Water Services Amendment Bill: Department briefing

Water and Sanitation

08 September 2004
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Meeting Summary

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Meeting report


8 September 2004

Ms C September (ANC)

Relevant Documents:
Water Services Amendment Act [No. 108 of 1997]
Water Services Amendment Bill [B17-2004]
Department PowerPoint presentation on Water Services Amendment Bill
South African Association of Water Utilities Submission on the Water Services Amendment Bill

The Department of Water Affairs and Forestry (DWAF) made a presentation on the Water Services Amendment Bill to the Committee. The amendment bill had been introduced to give legal certainty to the activities of water boards outside South Africa. In the past, there had not been legal certainty and the bill was now making provision for it. Concerns were raised about retrospective activity, whether to include the Department of Foreign Affairs in the cross-border process, and the water boards' obligation to provide services in South Africa. The Department was asked to do more research on the issues raised and report back at a later stage.


Department briefing

Mr A Vermeulen (DWAF Manager: Policy) explained that the amendment bill sought to allow extraterritorial activities in a structure way. This could not be done by regulations because regulations only applied within South Africa. Water Boards would now have legal certainty as to whether they could go outside the borders of the country. The bill was legalising what had been illegal in the past. See presentation for more details.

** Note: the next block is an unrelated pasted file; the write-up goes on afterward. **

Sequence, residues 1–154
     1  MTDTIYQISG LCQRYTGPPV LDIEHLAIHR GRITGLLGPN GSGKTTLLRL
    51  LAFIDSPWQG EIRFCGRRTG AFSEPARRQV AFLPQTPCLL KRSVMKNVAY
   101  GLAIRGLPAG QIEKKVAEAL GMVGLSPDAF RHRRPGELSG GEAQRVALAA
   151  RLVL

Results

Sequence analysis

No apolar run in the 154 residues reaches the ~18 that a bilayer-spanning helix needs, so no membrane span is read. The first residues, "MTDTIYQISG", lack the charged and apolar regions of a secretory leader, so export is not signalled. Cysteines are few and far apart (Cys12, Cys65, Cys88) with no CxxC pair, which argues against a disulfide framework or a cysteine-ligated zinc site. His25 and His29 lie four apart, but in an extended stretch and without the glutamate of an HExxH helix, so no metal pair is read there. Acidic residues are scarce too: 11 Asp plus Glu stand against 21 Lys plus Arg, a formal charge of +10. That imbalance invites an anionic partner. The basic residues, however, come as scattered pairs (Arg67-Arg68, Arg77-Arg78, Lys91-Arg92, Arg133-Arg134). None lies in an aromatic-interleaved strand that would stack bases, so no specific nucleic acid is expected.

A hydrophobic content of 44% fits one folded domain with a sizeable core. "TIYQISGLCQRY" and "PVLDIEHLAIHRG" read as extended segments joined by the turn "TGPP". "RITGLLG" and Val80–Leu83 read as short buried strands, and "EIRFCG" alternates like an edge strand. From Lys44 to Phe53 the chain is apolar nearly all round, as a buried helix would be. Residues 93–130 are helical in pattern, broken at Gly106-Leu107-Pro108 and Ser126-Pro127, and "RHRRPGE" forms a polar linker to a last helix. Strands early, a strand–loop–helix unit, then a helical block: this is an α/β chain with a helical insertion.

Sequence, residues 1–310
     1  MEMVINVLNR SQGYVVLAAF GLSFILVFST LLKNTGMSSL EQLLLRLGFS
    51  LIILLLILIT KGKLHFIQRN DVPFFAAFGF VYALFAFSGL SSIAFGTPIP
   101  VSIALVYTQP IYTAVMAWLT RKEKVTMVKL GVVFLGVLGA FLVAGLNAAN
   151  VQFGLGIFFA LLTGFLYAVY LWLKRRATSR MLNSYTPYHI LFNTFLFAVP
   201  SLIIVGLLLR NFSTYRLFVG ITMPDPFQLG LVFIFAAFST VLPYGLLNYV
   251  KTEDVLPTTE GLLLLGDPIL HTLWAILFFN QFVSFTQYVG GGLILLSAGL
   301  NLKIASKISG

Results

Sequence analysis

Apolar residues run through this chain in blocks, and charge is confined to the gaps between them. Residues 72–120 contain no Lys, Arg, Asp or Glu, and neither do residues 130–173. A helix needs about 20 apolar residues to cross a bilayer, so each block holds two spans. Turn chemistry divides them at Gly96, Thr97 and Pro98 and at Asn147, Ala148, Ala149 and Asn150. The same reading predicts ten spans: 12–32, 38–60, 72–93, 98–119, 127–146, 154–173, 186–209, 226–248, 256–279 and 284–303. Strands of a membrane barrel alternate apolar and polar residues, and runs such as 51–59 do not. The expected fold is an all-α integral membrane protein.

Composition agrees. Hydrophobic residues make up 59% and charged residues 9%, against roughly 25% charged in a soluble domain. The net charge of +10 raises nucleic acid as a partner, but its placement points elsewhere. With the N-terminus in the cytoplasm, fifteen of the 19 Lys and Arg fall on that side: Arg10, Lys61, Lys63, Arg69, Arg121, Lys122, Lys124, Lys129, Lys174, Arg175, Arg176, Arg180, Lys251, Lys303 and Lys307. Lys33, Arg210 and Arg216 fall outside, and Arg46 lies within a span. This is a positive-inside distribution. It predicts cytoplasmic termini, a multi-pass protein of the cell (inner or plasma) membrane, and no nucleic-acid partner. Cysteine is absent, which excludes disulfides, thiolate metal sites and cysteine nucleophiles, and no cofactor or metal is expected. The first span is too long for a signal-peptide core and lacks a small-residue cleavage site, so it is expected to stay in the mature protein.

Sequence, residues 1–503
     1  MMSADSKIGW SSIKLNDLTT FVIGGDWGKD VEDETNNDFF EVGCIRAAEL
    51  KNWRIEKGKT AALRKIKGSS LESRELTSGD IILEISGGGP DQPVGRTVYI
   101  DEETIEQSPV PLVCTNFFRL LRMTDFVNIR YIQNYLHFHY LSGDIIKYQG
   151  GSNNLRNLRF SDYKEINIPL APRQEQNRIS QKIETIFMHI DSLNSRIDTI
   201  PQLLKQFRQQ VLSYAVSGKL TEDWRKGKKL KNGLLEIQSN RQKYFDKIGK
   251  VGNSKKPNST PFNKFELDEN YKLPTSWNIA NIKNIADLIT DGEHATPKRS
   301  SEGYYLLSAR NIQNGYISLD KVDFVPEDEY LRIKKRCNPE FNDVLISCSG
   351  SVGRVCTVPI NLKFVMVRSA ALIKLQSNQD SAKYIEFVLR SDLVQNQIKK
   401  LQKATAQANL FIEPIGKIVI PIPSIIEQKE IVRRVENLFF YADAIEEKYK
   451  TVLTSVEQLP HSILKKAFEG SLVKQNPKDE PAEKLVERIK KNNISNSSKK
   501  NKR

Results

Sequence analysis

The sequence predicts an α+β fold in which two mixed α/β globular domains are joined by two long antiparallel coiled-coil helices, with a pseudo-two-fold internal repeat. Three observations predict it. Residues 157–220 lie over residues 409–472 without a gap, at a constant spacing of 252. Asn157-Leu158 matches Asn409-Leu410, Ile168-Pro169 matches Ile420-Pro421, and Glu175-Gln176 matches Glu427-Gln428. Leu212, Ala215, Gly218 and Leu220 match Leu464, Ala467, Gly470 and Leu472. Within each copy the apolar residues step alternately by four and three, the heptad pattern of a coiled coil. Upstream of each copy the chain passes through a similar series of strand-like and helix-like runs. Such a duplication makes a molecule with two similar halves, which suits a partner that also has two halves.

Mr P Mathebe (ANC) commented on the legality of previous outside activity. He clarified that it was clear that every Water Board had its own service area and jurisdiction and therefore outside activity was illegal.

Mr T Ramphele (ANC) asked why the Department of Foreign Affairs was not part of the discussions.

Advocate J Coetzee responded that Paragraph 6.1.2 in the Memorandum to the bill confirmed that the Department of Foreign Affairs had been consulted.

Mr Ramphele followed his question up by pointing out that he was referring to the Department of Foreign Affairs being involved in the process of concluding agreements. The Department of Foreign Affairs was not continually involved. He asked why they were not involved in the decision.

Adv. Coetzee explained that the involvement of the Department of Foreign Affairs would be up to the Committee to decide.

Mr Vermeulen added that the Minister of Finance had to concur according to the bill. It allowed for the Minister of Water Affairs and Forestry to consult with various stakeholders. The relevant utility could decide who they would wanted to consult with. They just had to get the approval from the Minister.